Page:Dictionary of National Biography volume 24.djvu/358

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Hardinge
Hardinge
344

in India, Hugh Gough [q. v.], but far lower down the roll. In 1843 he was transferred from the colonelcy of the 97th, to which he had been appointed in 1833, to that of his old regiment, the 57th foot, of Albuera fame. In 1844 he was created a G.C.B. (civil division).

Hardinge was sent to India to replace his brother-in-law, Lord Ellenborough, as governor-general. The appointment was made at the suggestion of the Duke of Wellington, and was justified by the result. Few Indian rulers have left a better record. Hardinge, the first governor-general who went out by way of Egypt and the Ked Sea, arrived in India 22 July 1844, and set to work with unremitting energy. Within a fortnight of his arrival he had to deal with the question of the prevailing anarchy and misrule in Oude. Shrinking from strong measures at the outset of his career, he confined himself to remonstrances and friendly warnings. A few weeks later he was confronted with the question of punishments in the native army ; and, after a careful hearing of both sides, had the courage to annul the order of Lord William Cavendish Bentinck [q. v.], abolishing corporal punishment in native regiments, although many experienced officers feared that its revival might lead to a general mutiny in the native army, then seething with discontent. He forbade Sunday labour in all government establishments throughout the country. His efforts in the cause of public education were afterwards acknowledged in an address presented to him at his departure, signed by five hundred native gentlemen in Calcutta. To Hardinge belongs the credit of having recognised the military and commercial significance of railways in India, and of having powerfully advocated schemes for their construction in the face of obstacles of every kind. The sod of the first railway (at Bombay) was cut in 1850 under the rule of Dalhousie.

Except some troubles in the South Mahratta country, peace prevailed during the first sixteen months of Hardinge's rule. In view of the disorder prevailing in the Punjaub he quietly augmented the garrisons on the northwest frontier, so that in November 1845 he had doubled the force there, having raised it to thirty thousand men and sixty-eight guns. On 11 Dec. 1845 the Sikh army crossed the Sutlej, wherewith commenced the most important episode in Hardinge's administration the first Sikh war. Waiving the right to the supreme command, which had been exercised by Cornwallis and Hastings, Hardinge offered to serve under Gough as second in command. It was a magnanimous act, and probably afforded the readiest solution of a delicate question, although it has been held that the objections to the arrangement outweighed the advantages (Broadfoot, p. 418). On 18 Dec. Sir Hugh Gough [q. v.] defeated the Sikhs at Mudki with the loss of several thousand men and seventeen guns. As second in command Hardinge led the centre at Ferozshah on 21 Dec. ; he bivouacked with the troops, under fire, on the field, and commanded the left wing of the army in the long and bloody conflict of the morrow, which resulted in the withdrawal of the Sikhs behind the Sutlej. In the same capacity he was present when the Sikh entrenched camp at Sobraon was stormed, with heavy loss, on 10 Feb. 1846. Three months after the commencement of the war the terms of peace were dictated to the Sikh durbar in Lahore. The autonomy of the Sikh nation, such as it was, was to be preserved ; the Sikh army was to be reduced in numbers ; its guns were to remain in the hands of the victors ; certain portions of territory were to be annexed to the company's dominions; and a British resident (Henry Lawrence), with ten thousand men at his back, was established in Lahore (the text of the treaty will be found in the Ann. Reg. 1846, pp. 368-73). The arrangement was admittedly an experiment, but the force at Hardinge's disposal was not sufficient to justify annexation of the whole country.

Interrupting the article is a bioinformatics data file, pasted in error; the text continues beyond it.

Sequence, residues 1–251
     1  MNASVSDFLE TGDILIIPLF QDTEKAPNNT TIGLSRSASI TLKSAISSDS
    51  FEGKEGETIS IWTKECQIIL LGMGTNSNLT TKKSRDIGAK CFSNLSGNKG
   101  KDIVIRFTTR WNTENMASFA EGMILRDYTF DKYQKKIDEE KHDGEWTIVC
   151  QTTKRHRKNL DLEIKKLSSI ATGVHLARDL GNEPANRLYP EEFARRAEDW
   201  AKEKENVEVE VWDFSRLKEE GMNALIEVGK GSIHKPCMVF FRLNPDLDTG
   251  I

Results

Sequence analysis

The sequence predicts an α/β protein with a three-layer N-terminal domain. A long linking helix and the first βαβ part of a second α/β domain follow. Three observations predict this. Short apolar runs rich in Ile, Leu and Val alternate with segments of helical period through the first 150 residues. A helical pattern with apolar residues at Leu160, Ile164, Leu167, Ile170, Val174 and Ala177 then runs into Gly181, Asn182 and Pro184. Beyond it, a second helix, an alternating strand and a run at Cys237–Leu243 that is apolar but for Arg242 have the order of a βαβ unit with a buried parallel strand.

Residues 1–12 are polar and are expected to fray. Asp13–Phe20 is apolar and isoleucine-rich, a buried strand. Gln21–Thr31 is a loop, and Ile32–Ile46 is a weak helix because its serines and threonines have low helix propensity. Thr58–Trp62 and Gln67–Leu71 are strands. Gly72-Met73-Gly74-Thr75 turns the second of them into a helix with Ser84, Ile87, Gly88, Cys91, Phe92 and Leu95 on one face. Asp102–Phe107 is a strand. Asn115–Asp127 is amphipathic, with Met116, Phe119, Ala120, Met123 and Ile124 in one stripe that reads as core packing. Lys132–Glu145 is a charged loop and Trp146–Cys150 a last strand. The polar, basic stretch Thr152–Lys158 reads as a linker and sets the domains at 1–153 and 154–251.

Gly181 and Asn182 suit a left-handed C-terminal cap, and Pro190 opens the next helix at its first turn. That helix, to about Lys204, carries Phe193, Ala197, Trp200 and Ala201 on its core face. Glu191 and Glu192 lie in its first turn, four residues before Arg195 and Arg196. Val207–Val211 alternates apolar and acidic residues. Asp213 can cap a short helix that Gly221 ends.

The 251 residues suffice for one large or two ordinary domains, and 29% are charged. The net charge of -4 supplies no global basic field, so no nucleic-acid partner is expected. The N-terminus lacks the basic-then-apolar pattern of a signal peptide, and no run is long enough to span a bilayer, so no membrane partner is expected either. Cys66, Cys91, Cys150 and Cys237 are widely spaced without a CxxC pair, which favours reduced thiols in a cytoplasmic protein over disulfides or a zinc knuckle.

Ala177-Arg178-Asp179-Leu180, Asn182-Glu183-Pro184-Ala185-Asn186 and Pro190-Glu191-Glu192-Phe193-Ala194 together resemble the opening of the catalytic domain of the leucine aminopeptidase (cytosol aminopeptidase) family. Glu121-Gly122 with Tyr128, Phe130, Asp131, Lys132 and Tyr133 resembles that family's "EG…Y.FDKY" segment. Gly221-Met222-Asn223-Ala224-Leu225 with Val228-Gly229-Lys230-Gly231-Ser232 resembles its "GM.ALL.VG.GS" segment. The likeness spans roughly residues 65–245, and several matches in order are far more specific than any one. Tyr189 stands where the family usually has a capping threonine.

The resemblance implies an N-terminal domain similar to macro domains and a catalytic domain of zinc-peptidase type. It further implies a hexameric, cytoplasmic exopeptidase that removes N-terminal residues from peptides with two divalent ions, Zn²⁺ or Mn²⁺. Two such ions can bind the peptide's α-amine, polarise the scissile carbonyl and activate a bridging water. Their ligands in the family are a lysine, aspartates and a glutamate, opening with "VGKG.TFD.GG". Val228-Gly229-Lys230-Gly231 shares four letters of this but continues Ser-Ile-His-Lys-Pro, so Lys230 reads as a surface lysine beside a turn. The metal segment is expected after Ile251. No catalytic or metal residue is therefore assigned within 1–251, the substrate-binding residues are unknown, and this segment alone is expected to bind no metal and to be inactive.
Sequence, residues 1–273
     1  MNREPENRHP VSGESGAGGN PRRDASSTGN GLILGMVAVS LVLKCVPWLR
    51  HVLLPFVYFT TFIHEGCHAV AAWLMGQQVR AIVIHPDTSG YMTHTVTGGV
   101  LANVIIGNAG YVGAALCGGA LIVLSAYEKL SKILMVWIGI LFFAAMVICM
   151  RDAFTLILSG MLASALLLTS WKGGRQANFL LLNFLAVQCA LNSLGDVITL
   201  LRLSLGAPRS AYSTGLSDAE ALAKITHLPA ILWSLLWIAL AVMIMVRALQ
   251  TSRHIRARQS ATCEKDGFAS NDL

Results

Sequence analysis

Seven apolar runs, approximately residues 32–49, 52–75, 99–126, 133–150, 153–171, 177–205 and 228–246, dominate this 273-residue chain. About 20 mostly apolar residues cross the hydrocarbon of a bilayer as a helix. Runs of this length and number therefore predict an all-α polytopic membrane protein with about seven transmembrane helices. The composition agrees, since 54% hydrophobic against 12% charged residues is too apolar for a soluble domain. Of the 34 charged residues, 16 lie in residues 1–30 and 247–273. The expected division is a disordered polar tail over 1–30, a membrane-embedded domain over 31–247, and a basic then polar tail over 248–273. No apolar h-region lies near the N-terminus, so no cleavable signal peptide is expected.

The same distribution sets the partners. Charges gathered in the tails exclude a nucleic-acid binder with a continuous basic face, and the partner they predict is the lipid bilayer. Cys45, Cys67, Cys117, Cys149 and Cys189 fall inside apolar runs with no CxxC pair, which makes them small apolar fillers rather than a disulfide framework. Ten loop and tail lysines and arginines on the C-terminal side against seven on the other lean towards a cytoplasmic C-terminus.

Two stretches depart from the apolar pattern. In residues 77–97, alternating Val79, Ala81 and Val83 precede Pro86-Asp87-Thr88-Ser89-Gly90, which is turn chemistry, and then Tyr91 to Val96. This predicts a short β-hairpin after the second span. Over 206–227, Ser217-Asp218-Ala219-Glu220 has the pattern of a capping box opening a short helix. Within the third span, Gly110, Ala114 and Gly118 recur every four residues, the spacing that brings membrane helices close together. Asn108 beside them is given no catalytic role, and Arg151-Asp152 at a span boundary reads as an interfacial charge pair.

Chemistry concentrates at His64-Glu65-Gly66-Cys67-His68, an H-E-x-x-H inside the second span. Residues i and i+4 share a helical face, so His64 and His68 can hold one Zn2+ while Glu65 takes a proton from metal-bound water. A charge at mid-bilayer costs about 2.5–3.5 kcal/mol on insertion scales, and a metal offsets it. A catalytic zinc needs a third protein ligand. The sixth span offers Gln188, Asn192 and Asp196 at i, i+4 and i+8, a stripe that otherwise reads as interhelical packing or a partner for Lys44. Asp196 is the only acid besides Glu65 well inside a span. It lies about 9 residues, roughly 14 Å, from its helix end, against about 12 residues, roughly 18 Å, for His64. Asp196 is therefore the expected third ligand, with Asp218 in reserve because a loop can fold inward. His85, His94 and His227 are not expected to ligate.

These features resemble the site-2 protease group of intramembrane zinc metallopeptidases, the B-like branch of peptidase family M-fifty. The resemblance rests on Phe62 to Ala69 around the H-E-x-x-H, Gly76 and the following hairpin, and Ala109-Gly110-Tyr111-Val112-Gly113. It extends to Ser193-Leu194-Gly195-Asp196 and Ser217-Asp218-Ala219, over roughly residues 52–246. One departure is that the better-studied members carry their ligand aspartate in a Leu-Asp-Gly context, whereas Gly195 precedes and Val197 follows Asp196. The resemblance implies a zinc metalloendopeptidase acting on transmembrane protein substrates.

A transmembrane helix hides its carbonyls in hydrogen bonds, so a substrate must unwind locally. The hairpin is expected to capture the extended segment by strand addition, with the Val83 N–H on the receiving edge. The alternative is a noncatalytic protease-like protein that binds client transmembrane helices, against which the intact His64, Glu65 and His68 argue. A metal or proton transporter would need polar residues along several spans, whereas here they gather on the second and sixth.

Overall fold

The news of the British successes created a great impression at home. Hardinge received the thanks of parliament, and was raised to the peerage of the United Kingdom under the title of Viscount Hardinge of Lahore and of Durham, with a pension of 3,000l. a year for his own and two succeeding lives. The East India Company gave him a pension of 5,000l. a year.

Economy was paramount after the Sikh war, but many useful public measures were adopted, such as the works of the Ganges canal, planned under the Auckland administration ; the establishment of the college at Roorkee for training civil engineers, European and native ; the introduction of tea-culture; the preservation of native monuments of antique art, and others more fully developed in after years. A vigorous effort was made to suppress piracy in Malayan waters. In native states Hardinge used his influence to abolish suttee, female infanticide, and other practices already banished from the presidencies. The sepoys, whom Hardinge was wont to liken to the Portuguese soldiers, found in him a good friend. He increased the scale of native pensions for wounds received in action. Nor was he forgetful of the European troops. With him originated the practice of carrying the kits at the public expense in all movements of troops. He established the